Tip #5: Be a Good Sport

The final tip for today that I wan to leave you with is all about being a GOOD sport. As I mentioned above, you cannot control the outcome of the show. And although it sucks monkey balls to not place, or to get a call out lower than you want, it doesn’t make up for you being a total asshole to other competitors. I’ve seen competitors throw tantrums like toddlers, throw awards for not being in the pro card earning placing, be mean to everyone because they now hate the world… I mean, these are ADULTS acting like children.

You know exactly what you’re getting into when you compete, nothing is guaranteed, so don’t act like it is. Now, I’ve gotten in my feelings plenty of times. PLEEENTY OF TIMES! But I never showed that on stage. I’d take it back to my hotel room. Cry my eyes out. Vent to my mother and friends. Cry to my coach. Whatever! I’d vow not to go back for finals, the whole 9. But I ALWAYS went back to finals to FINISH what I started, and I NEVER EVER let anyone know what happened behind the 4 safe walls of my hotel room.

Even if you don’t place where you want, keep in mind, if you plan to eventually turn pro, or do well in the sport, people WILL remember if you are an asshat. And that’s a reputation that you DO NOT WANT. Be gracious, accept your fate, and continue to work to bring an even better you to the stage next time around.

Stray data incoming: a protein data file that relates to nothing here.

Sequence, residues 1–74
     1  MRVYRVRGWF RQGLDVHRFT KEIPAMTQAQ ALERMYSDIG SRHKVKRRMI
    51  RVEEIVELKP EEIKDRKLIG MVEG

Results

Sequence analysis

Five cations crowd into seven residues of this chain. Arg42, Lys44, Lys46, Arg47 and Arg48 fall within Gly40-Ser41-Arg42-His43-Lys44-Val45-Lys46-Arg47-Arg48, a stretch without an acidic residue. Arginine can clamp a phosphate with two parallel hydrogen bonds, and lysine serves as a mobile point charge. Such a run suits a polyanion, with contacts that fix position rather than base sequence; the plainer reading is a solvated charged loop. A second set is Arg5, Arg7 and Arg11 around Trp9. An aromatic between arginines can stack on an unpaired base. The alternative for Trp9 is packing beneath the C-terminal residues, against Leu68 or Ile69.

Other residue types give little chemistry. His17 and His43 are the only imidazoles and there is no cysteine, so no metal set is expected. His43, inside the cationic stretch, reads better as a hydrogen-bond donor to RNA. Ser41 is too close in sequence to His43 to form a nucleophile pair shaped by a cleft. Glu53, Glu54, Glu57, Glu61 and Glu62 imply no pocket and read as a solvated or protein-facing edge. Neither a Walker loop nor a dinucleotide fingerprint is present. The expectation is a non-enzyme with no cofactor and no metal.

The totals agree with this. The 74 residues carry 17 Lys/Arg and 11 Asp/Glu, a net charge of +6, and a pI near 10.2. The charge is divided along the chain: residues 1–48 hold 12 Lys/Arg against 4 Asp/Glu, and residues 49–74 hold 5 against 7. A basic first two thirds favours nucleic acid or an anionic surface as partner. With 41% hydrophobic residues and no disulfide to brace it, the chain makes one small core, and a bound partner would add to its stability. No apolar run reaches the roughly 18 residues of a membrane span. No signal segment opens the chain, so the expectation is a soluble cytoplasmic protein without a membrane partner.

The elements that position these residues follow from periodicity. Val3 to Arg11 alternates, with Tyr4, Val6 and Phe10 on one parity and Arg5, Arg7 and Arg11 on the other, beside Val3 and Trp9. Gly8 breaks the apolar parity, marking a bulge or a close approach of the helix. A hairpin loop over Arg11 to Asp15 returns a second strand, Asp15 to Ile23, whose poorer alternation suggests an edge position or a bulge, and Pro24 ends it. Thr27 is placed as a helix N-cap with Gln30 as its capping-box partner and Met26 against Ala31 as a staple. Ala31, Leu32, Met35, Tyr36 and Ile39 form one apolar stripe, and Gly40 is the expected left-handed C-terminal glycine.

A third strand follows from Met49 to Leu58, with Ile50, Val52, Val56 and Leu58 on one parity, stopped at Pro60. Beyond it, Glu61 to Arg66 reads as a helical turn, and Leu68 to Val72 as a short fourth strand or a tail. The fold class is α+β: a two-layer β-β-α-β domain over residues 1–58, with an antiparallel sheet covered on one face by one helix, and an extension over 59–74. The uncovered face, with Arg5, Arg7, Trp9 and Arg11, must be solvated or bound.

Are YOU Thinking About Hitting Your First National Level NPC Competition Soon?

Even if you are a seasoned competitor, like I mentioned above, having the right coach in place is CRUCIAL to do this stuff successfully. And you want to work with someone who understands the game, knows EXACTLY what the judges are looking for, and has been there themselves time and again. Not only that, you want to work with someone who has a track record of bringing OTHER competitors to the stage successfully – not once, but CONTINUALLY!

Look, it’s hard enough already to figure things out on your own.

The training, the diet, the posing… It all seems SO simple, but  is truly harder than it looks. Why navigate all of that on your own when you can have a coach that CARES about you standing by your side – guiding you, teaching you, and showing you exactly what you are truly capable of.

I am always available to work with contest prep clients of any level!

And if stepping on a national level stage is in your near future, do NOT wait until the last minute to seek help. I have affordable plans for any budget, but most importantly, this investment in YOURSELF can mean the difference between first or last call out. I’ve been in both! And being first call out – and even better FIRST PLACE – is the best feeling in the world!

And you can have that too!

Click here to find out more about my contest prep services, and see if my nurturing approach will work well for you.